On the national political scene, there seems to be a lot more than usual in-house fighting (the voicing of disagreements) on various issues between some Democrats and other Democrats. The same can be said about people who identify themselves as Republicans. I see this as very healthy for the American political system. It can get a little scary when people have to pull out a political manifesto from their hip pockets or their purses in order to tell you where they stand on a particular issue. Our political parties seem to be getting less and less monolithic. Maybe we are about to witness the birth of a new political party?
I know for a fact that atheists do not all share the same ground on all the issues they discuss among themselves. They only agree that there is no way in the world that a supernatural God could possibly exist. The communist Karl Marx and the capitalist Ayn Rand were both proclaimed atheists, but they did not share any political ground from any of the readings I have made of the two.
Even some new evolutionists are breaking away from the dominant school of gradual evolution (which is in need of some missing links) to adopting a theory of spontaneous evolution which they believe suddenly took place in a split second. Picture a monkey swinging from one tree to the next to meet up with his monkey mate and when he arrives in the other tree...he is a man. This theory sounds pretty good to those evolutionists who are sick of the lack of evidence for the theory of "gradual" evolution.
I'm leading up to the fact that many Christians, although they share much common ground with what are often called the major doctrines of their faith, find themselves locked into heated debate (to put it warmly) among themselves concerning what are called the minor doctrines. One such conflict is the belief that salvation comes by a mixture of one's faith in Jesus Christ along with one's good works as opposed to salvation by grace through faith alone with good works excluded from the salvation formula. This latter school of thought claims that the good works are merely evidence of salvation, but do nothing toward gaining salvation.
There is a disagreement about whether or not Christ will return to set up a theocratic kingdom for one thousand years. Those who believe he will are called premillennial Christians (the prefix "pre" meaning before) and those who believe he will not are called amillennial Christians (the prefix "a" meaning not). Those who believe he will return after humankind has set up its own thousand years of peace on earth are called postmillennial Christians (the prefix "post" meaning after). The premills even disagree among themselves on whether Christians will be caught up or raptured out of the world before, during or after the seven years tribulation period before Jesus Christ returns.
There is also an ongoing disagreement about whether or not the apostolic gifts of speaking in tongues and healing by the laying on of hands is still in effect for Christians in this present age.
However, the greatest disagreement among Christians is the question of the free will of human beings versus the predestination of God forcing everything that occurs in the universe. This is the question which has engaged my interest the most. (I left a church congregation over this very issue.)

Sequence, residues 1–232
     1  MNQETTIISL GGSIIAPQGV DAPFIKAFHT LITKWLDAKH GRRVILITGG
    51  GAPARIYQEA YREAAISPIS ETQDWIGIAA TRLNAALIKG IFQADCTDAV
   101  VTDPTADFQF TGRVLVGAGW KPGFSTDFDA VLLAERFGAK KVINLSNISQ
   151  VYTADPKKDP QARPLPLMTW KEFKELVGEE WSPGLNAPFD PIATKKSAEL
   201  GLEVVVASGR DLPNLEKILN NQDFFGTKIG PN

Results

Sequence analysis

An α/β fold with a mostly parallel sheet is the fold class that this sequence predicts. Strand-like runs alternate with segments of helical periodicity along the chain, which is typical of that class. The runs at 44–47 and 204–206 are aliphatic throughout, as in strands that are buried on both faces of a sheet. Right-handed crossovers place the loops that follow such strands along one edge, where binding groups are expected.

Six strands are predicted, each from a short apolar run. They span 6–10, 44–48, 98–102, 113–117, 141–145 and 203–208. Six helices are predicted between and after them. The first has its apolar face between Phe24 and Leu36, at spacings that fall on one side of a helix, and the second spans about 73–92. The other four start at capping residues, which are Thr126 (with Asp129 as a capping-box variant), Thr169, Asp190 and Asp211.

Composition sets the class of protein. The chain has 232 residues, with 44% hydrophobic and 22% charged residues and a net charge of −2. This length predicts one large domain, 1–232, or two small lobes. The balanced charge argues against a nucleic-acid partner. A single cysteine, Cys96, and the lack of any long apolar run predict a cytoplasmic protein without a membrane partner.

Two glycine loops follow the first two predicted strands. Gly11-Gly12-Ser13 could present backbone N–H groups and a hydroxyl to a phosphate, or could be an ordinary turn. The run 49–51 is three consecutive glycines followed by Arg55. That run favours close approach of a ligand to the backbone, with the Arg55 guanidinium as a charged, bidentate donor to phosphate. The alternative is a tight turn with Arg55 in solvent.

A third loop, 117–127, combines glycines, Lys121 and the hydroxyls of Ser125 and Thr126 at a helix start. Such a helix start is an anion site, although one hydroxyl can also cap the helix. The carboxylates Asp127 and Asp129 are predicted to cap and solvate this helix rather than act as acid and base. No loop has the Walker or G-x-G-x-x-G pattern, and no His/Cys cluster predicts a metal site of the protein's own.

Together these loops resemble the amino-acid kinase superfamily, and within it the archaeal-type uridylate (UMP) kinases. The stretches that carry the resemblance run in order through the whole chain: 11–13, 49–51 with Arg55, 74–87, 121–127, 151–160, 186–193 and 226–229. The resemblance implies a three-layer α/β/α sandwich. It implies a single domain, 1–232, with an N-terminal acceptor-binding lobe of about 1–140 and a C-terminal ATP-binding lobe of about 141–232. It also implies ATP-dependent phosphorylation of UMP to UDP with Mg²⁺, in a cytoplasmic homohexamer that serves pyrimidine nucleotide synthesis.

I have expressed in the past that I strongly believe that human beings have free will, but I also believe in the predestination and sovereignty of God. Although this sounds like a contradiction to hold to both beliefs at the same time, I would like to show why I do believe that they can be reconciled with one another. The great saint John Calvin saw only the predestination side and the equally good Christian John Wesley saw only the side of free will.
A case to examine would be when a loved one is killed in an accident, from an act of evil, or involved in some other human tragedy. Did God plan it as it happens or did the tragedy happen due to the freedom granted to human beings by God? I personally believe that God in what is called eternity past (God being outside of time) saw all the possibilities of how His creation would act with their freedom in every conceivable variation of reality which God played out in His mind.
God considered every possible time, locale and family which he could place each individual free agent at the starting point of their lives. After looking at a near infinite number of possible realities, He chose that possibility which He decreed as the one which would play out into what we humans call "reality". Therefore, we are all experiencing reality as God decreed it. But our individual free wills are fully intact at every moment. (Also, we can always entertain good or sinful fantasies, in our own minds, about realities that will never be.)
Christians who believe as I do, have the confidence that God's perfect plan is the best way reality can be and His plan cannot be altered. But in His plan, human beings have the genuine free will to fully express such things as love, hate, good, sin and evil. For those who are wondering, it is also my belief that God chose a reality which would save all those who would freely be saved. Besides the Christian, not even the Democrat, the Republican or the atheist will ever surprise God with what he or she does with their freedom.
As usual, I would welcome any disagreements which anyone might wish to voice against my opinions on these matters. You all have the free will to do so, but you won't do it unless God has decreed that you will freely do it. In fact, I believe those who read this letter were predestined to read it!
--Kenneth J. Wolf #51 (02/28/96)
to the editor #49
"What If I've Been Wrong?"
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